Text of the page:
Successful digital transformation requires more than merely investing in and implementing advanced technologies – it also necessitates the evolution and integration of your company’s processes, data, and people.More March 13, 2019
Choose the right predictive analytics for reliable forecasting
Forecasting is predicting the future with the help of quantitative methods. Crucial for many organizations. Because, if you know what happens in the future, you can already respond to it. But which technique do offer the most reliable prediction? The classic method with formulas and transparency? Or do you enthusiastically dive into the new world of the deep learning network? ICRON’s partner CQM gives you an clear insight into predictive analytics.
How many passengers are there in the train next year? How big will the demand for my products be next quarter? And how much mail should be processed in my sorting center next week? A good insight into the future helps organizations to make the right decisions in time. They can better plan their activities and reserve sufficient people and resources. This way they keep their processes efficient and their customers happy. Forecasting is the quantitative way to make predictions. Historical data and process knowledge form the largest part of the input. Predictive analytics techniques recognize the patterns, make the connections and can make predictions.
Classic vs modern
Nowadays there are many techniques for predictive analytics. Overall they can be divided into two groups. First, the classical methods, usually called regression analysis techniques. Based on historical data and domain knowledge (such as the subject-specific knowledge at the customer), quantitative formulas are built to make connections, give weight to individual factors and then make the predictions. There are many such techniques with their own specific applications.
This classic method provides optimal control and transparency: every outcome can be explained. On the other hand, there is the sensation of this moment: deep learning, a part of machine learning. A machine (computer) is fed with numerous learning examples. These are various data sets of input and outcome. The more examples the machine receives, the better it will be in recognizing patterns and making predictions for new situations. A fantastic technology in the new world of artificial intelligence. There is one problem, however: there is a black box between feeding learning examples and getting predictions. Nobody knows exactly how the machine has reached the relevant predictions. Moreover, the quality of the learning examples must also be of impeccable and unbiased quality. Otherwise, mistakes or prejudices are simply included in the system.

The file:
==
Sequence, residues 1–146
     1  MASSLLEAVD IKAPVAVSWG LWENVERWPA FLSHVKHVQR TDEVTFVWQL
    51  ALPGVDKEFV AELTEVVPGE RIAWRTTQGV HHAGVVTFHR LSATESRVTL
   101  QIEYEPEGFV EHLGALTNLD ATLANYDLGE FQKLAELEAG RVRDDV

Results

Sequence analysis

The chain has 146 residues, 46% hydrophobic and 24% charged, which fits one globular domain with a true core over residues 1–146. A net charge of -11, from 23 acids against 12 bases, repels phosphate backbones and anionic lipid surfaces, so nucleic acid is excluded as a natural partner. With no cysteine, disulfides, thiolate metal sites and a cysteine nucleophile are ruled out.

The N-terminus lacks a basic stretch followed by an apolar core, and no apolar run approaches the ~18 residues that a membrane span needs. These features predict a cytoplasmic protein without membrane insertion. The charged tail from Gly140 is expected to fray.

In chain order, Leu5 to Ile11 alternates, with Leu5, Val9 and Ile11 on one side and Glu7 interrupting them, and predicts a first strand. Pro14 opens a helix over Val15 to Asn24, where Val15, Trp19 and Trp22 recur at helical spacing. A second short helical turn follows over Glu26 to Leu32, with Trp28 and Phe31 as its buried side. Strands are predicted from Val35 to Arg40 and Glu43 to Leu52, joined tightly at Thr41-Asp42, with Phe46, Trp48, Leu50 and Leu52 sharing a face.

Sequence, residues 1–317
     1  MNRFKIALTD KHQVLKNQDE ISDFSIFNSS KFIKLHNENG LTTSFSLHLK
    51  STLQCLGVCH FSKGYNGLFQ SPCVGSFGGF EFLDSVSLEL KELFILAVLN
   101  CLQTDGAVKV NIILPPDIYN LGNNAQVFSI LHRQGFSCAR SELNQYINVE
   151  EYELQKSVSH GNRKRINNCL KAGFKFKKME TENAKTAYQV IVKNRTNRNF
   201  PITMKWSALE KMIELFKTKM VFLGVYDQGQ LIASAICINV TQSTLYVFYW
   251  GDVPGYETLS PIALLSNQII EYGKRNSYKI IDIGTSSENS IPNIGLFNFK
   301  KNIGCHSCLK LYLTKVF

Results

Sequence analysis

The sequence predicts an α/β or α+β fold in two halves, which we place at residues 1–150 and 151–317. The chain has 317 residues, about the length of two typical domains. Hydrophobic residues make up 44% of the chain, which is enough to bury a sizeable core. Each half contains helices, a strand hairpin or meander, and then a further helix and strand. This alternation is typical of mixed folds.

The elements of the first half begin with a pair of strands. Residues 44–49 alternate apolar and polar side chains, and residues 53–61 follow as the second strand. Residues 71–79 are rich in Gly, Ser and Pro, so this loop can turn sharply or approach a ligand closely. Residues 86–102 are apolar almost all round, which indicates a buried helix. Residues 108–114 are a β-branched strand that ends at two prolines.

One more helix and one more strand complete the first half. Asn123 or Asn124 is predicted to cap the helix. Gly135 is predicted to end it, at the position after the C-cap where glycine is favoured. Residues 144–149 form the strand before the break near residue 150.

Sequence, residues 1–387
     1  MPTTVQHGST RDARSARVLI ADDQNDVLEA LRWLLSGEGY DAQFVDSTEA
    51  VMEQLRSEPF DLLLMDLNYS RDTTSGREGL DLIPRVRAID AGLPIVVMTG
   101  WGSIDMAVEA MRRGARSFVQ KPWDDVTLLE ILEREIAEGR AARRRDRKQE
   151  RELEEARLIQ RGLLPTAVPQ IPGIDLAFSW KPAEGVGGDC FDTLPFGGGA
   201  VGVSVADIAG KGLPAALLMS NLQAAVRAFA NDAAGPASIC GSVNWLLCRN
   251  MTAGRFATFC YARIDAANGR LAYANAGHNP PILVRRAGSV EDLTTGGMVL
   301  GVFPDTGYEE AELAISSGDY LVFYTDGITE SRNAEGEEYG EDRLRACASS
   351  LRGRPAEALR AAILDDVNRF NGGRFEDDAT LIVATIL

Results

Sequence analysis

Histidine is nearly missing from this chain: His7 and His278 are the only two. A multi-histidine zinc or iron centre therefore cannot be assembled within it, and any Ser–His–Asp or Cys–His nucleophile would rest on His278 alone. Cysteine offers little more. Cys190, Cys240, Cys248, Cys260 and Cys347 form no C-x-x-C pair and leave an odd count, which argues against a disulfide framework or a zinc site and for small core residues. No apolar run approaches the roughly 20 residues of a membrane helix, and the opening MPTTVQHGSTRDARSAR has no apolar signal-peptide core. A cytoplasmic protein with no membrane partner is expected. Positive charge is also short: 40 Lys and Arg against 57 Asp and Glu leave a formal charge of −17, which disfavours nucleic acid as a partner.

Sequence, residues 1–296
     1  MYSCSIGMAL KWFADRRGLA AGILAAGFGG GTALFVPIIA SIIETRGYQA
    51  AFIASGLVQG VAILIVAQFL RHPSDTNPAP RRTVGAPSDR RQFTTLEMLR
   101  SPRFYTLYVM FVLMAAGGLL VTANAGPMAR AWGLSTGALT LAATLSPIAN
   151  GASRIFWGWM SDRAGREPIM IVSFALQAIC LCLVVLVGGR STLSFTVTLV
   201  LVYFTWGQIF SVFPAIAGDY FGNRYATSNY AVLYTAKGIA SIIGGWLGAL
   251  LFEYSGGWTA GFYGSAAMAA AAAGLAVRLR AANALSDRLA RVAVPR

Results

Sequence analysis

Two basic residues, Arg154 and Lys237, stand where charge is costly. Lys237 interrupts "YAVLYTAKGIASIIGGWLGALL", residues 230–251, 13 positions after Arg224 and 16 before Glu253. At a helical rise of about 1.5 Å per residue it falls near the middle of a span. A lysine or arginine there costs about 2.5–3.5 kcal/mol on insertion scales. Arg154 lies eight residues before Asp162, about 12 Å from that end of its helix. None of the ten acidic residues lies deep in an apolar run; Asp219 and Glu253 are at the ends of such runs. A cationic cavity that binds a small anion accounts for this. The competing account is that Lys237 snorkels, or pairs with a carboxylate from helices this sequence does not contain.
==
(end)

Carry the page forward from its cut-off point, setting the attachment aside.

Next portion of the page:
On the one hand, it is quite nice to stick to traditional methods with formulas that offer total control. But the potential of artificial neural networks that train themselves with smart algorithms to discover patterns and find valuable information (in short: deep learning) is unprecedented. Especially with large amounts of unstructured data such as applications for image recognition, speech recognition and text analysis. Research has shown that deep learning networks perform comparable or even better than the human brain for those complex applications. They are also well applicable in forecasting. For example, CQM has predicted the number of visitors at “Paleis Het Loo” (Dutch Royal Palace) with classic statistical regression methods, because the customer wanted insight into the driving factors.
As a trial, CQM also set up and trained a deep learning network for this specific situation. The predictions of both methods were equivalent. In addition, CQM has the knowledge to make the black box of deep learning a bit less black. With techniques such as Pattern Recognition Feed forward Network or the in-house developed COMPACT CQM can gain more insight into why the neural network advises a certain decision or has made a prediction.
Does the choice obviously fall on modern deep learning? No, not necessarily. The temptation is great to surf the hype, but the interests of organizations are often too big. It is still the people who have to do it. First determining the best method for a specific situation. For one situation, deep learning is ideal; for the other, a controlled regression method is the most suitable. This requires knowledge of the old and the new techniques. Then it is again people who make the choices for the input for forecasting, formulas for regression or training for deep learning. This requires not only extensive expertise from mathematicians and statisticians, but also domain knowledge at the customer. And this applies equally to the interpretation of decisions and predictions made by classical or modern technology. That is why CQM always starts with that practical expert knowledge. Professional forecasting is therefore never a simple choice for an old or new technique. It is a nuanced consideration to find the best balance between people and techniques.